Due to Hitler’s insistence that the German Army would not retreat from the Soviets, he effectively doomed his 6th Army, as a strategic retreat would have allowed Nazi forces to regroup and counter-attack. Instead, Hitler’s decision to remain in place allowed Soviet forces to trap nearly 230,000 German troops within the city. With the harsh Soviet winter approaching, temperatures dropped to minus 30 degrees Celsius (-22 degrees Fahrenheit). With no supplies, no food, and no shelter, German troops either starved or froze to death in the weeks and months that followed.

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Hitler, in an attempt to save face, quickly promoted General Paulus of the German 6th Army to Field Marshal. The move was political, as no Field Marshal in the history of Germany had ever surrendered (or was captured alive). The promotion, therefore, implied that German forces should either fight to the death or commit suicide before they could be captured. To Hitler’s disappointment, however, this did not occur, as Paulus and the German 6th Army surrendered to Soviet forces on 2 February 1943. Of the 200,000+ German forces that existed at the beginning of Operation Uranus, only 91,000 remained, including 22 generals.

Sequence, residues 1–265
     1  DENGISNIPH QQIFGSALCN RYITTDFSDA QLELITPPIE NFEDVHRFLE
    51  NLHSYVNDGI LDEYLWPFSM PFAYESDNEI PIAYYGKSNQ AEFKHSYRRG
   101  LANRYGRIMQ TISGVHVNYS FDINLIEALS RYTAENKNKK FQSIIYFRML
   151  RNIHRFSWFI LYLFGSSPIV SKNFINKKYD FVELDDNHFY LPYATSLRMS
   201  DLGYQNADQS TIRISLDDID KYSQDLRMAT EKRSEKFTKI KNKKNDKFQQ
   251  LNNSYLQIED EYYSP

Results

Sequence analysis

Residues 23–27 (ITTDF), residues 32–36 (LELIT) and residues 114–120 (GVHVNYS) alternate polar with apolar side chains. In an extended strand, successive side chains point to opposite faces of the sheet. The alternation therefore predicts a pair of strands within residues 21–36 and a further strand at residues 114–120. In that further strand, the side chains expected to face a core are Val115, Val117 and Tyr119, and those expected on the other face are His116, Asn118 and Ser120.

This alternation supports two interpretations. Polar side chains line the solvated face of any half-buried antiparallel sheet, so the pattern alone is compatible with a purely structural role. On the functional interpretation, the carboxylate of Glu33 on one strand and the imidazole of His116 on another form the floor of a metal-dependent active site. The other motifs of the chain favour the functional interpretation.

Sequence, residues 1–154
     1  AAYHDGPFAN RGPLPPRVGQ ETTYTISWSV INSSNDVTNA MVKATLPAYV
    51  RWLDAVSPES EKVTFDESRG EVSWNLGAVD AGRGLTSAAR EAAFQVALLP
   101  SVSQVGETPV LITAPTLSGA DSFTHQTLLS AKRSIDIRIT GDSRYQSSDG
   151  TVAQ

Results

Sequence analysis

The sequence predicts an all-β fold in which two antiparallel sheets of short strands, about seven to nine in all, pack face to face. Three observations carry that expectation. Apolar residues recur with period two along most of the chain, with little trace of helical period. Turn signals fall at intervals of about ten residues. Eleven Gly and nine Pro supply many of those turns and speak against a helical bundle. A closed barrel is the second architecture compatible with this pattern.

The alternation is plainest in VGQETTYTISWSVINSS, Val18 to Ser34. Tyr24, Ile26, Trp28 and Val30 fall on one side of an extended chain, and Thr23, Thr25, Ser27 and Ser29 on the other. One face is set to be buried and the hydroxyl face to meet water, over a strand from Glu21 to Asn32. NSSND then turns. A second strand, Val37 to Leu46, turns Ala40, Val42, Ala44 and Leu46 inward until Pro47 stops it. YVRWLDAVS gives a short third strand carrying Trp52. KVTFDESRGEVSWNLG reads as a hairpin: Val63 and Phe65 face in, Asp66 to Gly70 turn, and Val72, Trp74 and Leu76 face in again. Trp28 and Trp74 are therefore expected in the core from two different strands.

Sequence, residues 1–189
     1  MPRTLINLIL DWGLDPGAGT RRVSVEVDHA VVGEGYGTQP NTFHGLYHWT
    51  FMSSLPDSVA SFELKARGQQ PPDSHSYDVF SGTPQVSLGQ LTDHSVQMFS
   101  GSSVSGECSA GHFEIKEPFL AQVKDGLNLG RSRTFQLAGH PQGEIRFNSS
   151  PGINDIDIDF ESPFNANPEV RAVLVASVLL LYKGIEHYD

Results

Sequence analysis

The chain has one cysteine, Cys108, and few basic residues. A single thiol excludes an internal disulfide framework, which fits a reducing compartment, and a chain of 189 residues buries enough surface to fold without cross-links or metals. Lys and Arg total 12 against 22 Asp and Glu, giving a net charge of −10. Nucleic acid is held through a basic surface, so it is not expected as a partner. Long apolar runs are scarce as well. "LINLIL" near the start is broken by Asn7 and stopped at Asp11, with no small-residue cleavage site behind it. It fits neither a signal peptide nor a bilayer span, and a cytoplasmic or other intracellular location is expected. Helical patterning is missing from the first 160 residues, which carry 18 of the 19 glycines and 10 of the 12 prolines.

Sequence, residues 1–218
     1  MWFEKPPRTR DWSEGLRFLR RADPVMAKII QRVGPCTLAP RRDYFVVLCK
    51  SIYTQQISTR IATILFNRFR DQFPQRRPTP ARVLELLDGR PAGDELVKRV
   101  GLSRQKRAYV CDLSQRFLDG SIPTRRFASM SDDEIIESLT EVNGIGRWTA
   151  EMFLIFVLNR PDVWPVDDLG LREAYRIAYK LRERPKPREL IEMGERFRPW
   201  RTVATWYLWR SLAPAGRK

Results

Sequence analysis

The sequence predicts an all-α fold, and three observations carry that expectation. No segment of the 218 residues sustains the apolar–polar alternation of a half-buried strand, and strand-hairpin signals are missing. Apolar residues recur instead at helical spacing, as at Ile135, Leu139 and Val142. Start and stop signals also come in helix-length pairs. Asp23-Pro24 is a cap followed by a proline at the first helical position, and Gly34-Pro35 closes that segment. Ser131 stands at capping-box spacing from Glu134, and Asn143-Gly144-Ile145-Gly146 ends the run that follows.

Quote by Vasily Chuikov

"The heavy casualties, the constant retreat, the shortage of food and munitions, the difficulty of receiving reinforcements... all this had a very bad effect on morale. Many longed to get across the Volga, to escape the hell of Stalingrad."

— Vasily Chuikov

Impact of the Battle of Stalingrad